Piso Point

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Piso Point[1] is a former Japanese naval base throughout World War II which is located at the eastern portion of the Davao Gulf, across from Davao City, Philippines.[2] [3] It was also a harbor for Japanese suicide boats which had been harassing American shipping in the Davao Gulf.[4] During the liberation of the Philippines from the Japanese on May 14, 1945, many of the Japanese suicide boats were annihilated by the U.S. Navy.[4]

History[edit]

During the World War II, When the Japanese invaded southern Philippines, they occupied Davao City and Piso Point. Piso Point is also strategically located at the south with many overhanging trees which allows the Japanese to initiate camouflage attacks against their enemies.[4] [5]

However, on April 1945, The U.S. army was given the mission to eradicate Japanese troops in Davao City and in both eastern and western portion of the Davao Gulf.

On May 10, 1945, Edgar D. Hoagland.,[6] Naval commander of the 24th Division of the U.S. army was given a special duty to survey the area for potential Japanese enemies hiding at the Davao valley including Piso Point. Although commander Hoagland[6] did not witness any suspicious acts at first, he continued to patrol at the north leaving behind the LCI vessel.[7] The LCI vessel was abruptly attacked by Japanese suicide boats. No one could trace the whereabouts of the Japanese suicide boats since these boats remained under camouflage with the aid of numerous overhanging trees and maze inlets.

On May 10, 1945, an anonymous tip from the guerillas brought Commander Edgar D. Hoagland[6] together with his Patrol Torpedo boats at Piso Point once more. There, they have discovered that the Japanese have mastered the art of camouflage so well that they hid their suicide boats under mangroves with green, freshly cut palm leaves that enable them to be unseen at a distance greater than 100 yards.[8] Credits are given to Marine Major Richard E. Maulsby,[4] Pilot of a Marine Mitchell bomber and Marine First Lieutenant Doit L. Fish[4] for discovering the hidden Japanese suicide boats.

Battle at Piso Point[edit]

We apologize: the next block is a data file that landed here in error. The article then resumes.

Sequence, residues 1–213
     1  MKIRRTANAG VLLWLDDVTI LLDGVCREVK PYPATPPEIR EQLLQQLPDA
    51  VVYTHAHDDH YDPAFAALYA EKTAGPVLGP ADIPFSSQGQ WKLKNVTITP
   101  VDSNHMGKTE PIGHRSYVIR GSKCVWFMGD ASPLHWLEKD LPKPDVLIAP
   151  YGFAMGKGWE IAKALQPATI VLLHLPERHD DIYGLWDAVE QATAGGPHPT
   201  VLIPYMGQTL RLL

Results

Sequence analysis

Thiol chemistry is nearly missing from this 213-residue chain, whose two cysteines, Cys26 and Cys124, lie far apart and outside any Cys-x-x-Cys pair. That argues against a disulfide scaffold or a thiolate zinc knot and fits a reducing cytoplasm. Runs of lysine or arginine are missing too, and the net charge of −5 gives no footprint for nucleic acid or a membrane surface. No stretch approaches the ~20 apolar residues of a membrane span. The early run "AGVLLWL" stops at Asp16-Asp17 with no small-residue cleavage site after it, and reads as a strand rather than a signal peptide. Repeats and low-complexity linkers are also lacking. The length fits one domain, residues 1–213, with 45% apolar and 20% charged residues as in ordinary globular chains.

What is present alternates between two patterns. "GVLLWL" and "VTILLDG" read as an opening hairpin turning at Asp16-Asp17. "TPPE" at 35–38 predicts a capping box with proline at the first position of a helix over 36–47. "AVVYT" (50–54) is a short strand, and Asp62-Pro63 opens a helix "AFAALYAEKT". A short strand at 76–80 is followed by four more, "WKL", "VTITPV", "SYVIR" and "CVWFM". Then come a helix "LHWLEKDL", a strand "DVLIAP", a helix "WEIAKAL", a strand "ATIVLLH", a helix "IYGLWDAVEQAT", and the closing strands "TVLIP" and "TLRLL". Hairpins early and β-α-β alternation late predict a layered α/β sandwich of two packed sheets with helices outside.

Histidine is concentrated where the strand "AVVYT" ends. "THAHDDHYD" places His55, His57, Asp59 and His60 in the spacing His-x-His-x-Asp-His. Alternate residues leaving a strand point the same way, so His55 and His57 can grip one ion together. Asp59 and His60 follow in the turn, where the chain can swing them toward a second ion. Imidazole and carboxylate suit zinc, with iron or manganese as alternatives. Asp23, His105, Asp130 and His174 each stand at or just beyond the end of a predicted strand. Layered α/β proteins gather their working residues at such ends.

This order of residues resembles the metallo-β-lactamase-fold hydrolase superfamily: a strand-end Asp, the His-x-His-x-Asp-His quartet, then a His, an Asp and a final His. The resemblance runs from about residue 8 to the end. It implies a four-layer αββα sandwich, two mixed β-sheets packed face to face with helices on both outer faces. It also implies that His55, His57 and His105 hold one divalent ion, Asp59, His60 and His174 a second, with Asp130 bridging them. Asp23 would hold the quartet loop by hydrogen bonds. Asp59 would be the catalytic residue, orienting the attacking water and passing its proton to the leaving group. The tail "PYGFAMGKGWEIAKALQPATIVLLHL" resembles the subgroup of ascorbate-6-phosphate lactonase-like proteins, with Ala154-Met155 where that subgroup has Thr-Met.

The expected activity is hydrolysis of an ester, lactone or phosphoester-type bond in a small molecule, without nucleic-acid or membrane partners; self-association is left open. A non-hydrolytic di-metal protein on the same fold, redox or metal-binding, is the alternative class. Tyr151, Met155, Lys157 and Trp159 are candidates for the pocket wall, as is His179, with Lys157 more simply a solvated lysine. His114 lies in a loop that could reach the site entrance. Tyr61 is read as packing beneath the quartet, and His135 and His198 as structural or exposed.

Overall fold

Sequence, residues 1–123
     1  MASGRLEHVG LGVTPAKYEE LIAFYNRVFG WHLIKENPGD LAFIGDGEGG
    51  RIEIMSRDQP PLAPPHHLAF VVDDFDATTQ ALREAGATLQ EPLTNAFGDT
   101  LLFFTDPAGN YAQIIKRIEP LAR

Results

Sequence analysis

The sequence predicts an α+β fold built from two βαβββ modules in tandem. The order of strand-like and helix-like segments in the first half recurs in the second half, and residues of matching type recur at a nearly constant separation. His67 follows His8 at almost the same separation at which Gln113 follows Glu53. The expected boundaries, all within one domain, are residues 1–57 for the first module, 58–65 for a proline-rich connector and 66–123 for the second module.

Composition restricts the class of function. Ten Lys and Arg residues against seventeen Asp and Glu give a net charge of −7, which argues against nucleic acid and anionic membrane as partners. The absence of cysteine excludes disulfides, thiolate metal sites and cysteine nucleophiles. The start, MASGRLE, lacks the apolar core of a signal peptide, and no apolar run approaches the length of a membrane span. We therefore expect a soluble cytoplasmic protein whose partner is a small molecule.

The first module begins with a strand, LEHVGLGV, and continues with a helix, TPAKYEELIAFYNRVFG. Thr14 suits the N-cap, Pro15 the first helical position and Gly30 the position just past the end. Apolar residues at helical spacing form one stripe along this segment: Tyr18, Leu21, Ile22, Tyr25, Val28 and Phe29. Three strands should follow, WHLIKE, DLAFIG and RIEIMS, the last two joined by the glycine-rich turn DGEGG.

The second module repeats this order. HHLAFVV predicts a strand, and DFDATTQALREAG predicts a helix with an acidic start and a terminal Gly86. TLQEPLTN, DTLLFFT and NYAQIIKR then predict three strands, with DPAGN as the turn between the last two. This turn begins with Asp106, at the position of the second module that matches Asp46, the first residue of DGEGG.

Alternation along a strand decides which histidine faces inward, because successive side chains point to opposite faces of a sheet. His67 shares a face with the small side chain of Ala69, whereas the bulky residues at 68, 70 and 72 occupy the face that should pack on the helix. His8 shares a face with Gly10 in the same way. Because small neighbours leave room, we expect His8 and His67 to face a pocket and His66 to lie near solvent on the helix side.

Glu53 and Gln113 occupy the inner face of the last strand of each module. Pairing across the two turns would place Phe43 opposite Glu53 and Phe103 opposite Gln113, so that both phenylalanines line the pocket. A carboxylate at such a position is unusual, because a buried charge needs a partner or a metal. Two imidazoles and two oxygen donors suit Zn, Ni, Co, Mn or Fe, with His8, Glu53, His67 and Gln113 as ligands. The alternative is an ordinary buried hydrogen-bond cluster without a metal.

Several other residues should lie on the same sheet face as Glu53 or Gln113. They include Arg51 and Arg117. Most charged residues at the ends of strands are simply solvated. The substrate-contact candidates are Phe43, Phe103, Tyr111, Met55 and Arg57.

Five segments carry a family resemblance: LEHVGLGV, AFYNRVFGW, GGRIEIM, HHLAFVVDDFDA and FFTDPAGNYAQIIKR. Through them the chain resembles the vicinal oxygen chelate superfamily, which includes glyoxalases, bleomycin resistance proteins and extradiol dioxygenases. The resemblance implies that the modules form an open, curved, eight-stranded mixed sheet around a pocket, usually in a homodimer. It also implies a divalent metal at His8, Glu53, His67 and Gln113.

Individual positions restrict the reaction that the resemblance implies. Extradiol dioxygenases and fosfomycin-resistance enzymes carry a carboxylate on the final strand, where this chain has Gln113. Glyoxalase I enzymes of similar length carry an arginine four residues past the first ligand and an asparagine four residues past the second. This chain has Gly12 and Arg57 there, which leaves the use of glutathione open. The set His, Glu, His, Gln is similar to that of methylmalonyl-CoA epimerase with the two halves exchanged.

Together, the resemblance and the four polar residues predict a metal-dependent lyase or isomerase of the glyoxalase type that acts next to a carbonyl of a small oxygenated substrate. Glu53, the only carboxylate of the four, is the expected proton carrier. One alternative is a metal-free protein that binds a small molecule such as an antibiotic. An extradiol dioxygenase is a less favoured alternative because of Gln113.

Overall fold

On May 14, 1945, Edgar D. Hoagland,[7] Naval commander of the 24th Division of the U.S. army together with Ens. John Adams, USNR[9] and their patrol torpedo boats approached Piso Point to destroy the remaining Japanese troops with their suicide boats. They won the battle against the Japanese troops and destroyed their remaining paraphernalia.[4][10]

See also[edit]

References[edit]

  1. ^ Republic of the Philippines: Department of Environment and Natural Resources, National Mapping and Resource Information Authority
  2. ^ "Piso Point, Philippines". Geographical names.
  3. ^ "Piso Point (Philippines)". Gazetteering.
  4. ^ a b c d e f "Mindanao-VMB 611 PT Support, Piso Port May 1945". Marine Bombing Squadron Six-Eleven.
  5. ^ "Rep of action off Piso Point, Davao Gulf, Mindanao Island, Philippines, 5/19/45". fold3.
  6. ^ a b c Bulkley,Robert Johns. At Close Quarters:PT Boats in the United States Navy. Paperback, July 24, 2010, p. ,429 ,430.
  7. ^ a b Bulkley,Robert Johns. At Close Quarters:PT Boats in the United States Navy. Paperback, July 24, 2010, p. 430.
  8. ^ Bulkley,Robert Johns. At Close Quarters:PT Boats in the United States Navy. Paperback, July 24, 2010, p. ,430.
  9. ^ Bulkley,Robert Johns. At Close Quarters:PT Boats in the United States Navy. Paperback, July 24, 2010, p. 431-434.
  10. ^ Robin L. Rielly (29 April 2013). American Amphibious Gunboats in World War II: A History of LCI and LCS(L) Ships in the Pacific. McFarland. pp. 191–192. ISBN 978-0-7864-7422-6.
  • Republic of the Philippines: Department of Environment and Natural Resources, National Mapping and Resource Information Authority
  • Bureau of Coast and Geodetic Survey, US Army, Map Series 711 compiled in 19 from 1947-1953, Photographs, Department of Public Highways and Others.

Pacific war Online Encyclopedia: http://pwencycl.kgbudge.com/M/i/Mindanao.htm